This is the profound mystery of God’s love: suddenly we realize that this entire Torah portion is not only about God’s holiness, but also about God’s mercy. Yes, His holiness is such that He cannot dwell, nor go, with sinful and sinning people, and yet He still chooses to dwell and walk with His people, for such is His mercy. Yes, Israel is stiff-necked – but who isn’t? Do you ever wonder how can God still be patient with you and merciful to you, when you would have given up on yourself long ago? Do you ever think of yourself as not deserving of God’s fellowship? Just think of it: each one of us knows a myriad of reasons why the Lord could, and should, tell us: I will not go up in your midst, lest I consume you on the way, for you are … stiff-necked. Each one of us fully deserves these words, each one of us fully deserves God’s refusal to walk with us – and each one of us is fully aware of that. Yet, more than anything in the world, each of us longs to hear from Him: My Presence shall go with you, and I will give you rest – and the amazing thing is that this is indeed what He is saying to us! This is His astounding promise to each one of us—the incomprehensible mystery of His mercy. We are stiff-necked, we do not deserve His love and His mercy, and yet, He goes with us and gives us rest.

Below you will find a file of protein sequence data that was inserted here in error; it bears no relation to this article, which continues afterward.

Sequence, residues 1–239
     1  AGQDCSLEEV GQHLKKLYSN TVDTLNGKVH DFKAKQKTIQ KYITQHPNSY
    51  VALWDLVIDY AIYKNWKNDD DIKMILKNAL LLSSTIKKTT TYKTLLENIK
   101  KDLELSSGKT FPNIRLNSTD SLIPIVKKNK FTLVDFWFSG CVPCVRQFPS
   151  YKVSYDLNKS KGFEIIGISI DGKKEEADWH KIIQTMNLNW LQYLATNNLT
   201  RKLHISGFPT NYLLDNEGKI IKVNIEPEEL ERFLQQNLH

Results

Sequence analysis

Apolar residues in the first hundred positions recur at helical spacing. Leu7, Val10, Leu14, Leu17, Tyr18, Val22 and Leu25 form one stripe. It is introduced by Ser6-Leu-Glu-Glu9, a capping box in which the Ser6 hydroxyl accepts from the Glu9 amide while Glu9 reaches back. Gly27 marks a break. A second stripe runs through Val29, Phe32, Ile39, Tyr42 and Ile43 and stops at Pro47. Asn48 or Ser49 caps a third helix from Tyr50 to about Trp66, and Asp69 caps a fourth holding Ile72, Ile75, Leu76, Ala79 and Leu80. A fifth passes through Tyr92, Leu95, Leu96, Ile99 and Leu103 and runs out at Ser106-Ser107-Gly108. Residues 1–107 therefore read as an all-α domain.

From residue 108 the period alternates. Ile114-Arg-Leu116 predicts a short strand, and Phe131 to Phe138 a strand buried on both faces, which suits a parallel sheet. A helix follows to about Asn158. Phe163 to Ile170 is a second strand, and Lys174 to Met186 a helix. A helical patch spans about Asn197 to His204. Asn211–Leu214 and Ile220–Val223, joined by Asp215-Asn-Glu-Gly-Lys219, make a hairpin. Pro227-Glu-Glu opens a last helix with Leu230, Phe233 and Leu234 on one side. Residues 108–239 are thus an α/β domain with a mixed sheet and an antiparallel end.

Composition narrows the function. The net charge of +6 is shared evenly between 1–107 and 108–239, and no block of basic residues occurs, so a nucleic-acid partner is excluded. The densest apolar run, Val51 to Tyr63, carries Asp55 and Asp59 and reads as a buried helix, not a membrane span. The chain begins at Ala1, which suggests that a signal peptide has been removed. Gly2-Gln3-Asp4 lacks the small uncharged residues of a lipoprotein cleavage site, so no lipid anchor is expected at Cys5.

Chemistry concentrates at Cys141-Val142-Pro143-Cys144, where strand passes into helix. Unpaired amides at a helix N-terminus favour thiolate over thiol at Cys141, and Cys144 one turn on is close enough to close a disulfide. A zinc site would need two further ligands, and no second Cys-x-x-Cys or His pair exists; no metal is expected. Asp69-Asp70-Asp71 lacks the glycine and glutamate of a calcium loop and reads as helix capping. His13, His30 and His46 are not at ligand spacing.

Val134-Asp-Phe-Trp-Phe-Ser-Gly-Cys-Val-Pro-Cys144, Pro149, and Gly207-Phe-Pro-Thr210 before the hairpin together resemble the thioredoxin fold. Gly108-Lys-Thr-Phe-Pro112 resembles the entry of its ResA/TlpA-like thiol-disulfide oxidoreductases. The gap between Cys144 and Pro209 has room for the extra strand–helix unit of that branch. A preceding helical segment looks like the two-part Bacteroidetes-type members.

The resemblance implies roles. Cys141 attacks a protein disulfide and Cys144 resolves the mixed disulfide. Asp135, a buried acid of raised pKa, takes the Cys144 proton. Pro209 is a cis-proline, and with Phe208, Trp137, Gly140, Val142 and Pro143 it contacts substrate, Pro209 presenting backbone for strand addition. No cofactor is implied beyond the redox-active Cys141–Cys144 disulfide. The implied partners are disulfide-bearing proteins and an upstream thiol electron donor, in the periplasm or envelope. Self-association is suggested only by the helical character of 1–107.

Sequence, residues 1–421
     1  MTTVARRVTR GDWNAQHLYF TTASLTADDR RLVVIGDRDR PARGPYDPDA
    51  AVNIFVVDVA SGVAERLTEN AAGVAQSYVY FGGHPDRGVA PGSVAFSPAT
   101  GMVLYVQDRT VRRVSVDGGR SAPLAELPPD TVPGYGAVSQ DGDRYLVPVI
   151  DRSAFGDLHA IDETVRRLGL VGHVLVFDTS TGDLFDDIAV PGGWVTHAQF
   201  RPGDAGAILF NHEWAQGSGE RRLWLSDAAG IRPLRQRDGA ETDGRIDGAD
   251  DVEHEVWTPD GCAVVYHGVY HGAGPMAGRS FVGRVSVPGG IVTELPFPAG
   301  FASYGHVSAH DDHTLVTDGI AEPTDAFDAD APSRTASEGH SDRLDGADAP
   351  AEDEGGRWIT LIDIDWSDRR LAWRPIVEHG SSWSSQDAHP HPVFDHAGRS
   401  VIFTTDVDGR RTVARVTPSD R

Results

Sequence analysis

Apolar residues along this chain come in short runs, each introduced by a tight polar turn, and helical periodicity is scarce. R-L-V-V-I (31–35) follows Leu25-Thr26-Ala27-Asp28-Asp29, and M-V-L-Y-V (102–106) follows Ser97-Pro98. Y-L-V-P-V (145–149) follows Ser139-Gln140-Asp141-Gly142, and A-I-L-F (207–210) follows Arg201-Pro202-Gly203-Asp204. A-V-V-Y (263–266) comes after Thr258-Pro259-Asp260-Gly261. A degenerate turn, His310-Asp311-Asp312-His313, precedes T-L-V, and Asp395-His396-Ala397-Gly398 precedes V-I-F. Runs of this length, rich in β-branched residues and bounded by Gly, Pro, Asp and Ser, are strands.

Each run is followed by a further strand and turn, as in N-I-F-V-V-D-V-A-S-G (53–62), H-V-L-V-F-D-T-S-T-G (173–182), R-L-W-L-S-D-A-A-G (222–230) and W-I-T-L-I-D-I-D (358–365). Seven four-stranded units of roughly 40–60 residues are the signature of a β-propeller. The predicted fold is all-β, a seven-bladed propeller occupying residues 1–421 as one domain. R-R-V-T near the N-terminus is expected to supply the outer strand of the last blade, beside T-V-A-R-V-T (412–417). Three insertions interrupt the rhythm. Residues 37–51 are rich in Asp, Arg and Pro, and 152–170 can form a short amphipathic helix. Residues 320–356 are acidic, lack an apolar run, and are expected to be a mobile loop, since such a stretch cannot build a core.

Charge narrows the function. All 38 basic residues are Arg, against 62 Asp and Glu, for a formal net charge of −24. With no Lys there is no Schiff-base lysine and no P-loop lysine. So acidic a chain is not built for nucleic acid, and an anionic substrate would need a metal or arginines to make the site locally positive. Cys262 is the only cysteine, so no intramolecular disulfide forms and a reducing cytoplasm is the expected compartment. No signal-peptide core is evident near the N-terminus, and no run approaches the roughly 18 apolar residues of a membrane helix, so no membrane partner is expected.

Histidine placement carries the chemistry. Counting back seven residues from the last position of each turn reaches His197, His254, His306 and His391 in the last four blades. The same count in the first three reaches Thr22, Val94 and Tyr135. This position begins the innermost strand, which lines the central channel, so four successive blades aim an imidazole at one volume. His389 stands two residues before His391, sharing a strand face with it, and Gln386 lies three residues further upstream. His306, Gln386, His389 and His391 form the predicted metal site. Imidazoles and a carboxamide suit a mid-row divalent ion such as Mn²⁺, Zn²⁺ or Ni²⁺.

This is His mercy that each one of us can experience – however, there in the wilderness, the amazing promise of His mercy was given to Israel, in the first place. Unfortunately, not many people remember that. Too often, not only our enemies, but also our friends, sometimes even we ourselves, see our people as being completely left and abandoned by God; as walking alone through the vast wilderness of trials and sorrows; as the ones to whom God said: I will not go up in your midst… And these, indeed, were His words to us – but it was also to us that He said: “My Presence will go with you, and I will give you rest” – and that is the most important part! Ever since then, His Presence has remained with Israel everywhere, and do you realize what that really means? Throughout all these centuries, through all the pain and suffering we have endured: in pogroms, in ghettos, in concentration camps, in all those horrible moments (weeks, months, years) of complete loneliness and misery, when to everybody, including ourselves, we seemed to be utterly abandoned – in reality, we were not alone. The Lord has been walking with us! And His Presence is still with us now. In all their affliction, He was afflicted. And this is precisely the message I feel myself called to deliver today: For Zion’s sake, I will not be silent, for Jerusalem’s sake I will not rest – and I will not get tired of proclaiming His mercy, love and faithfulness to my people.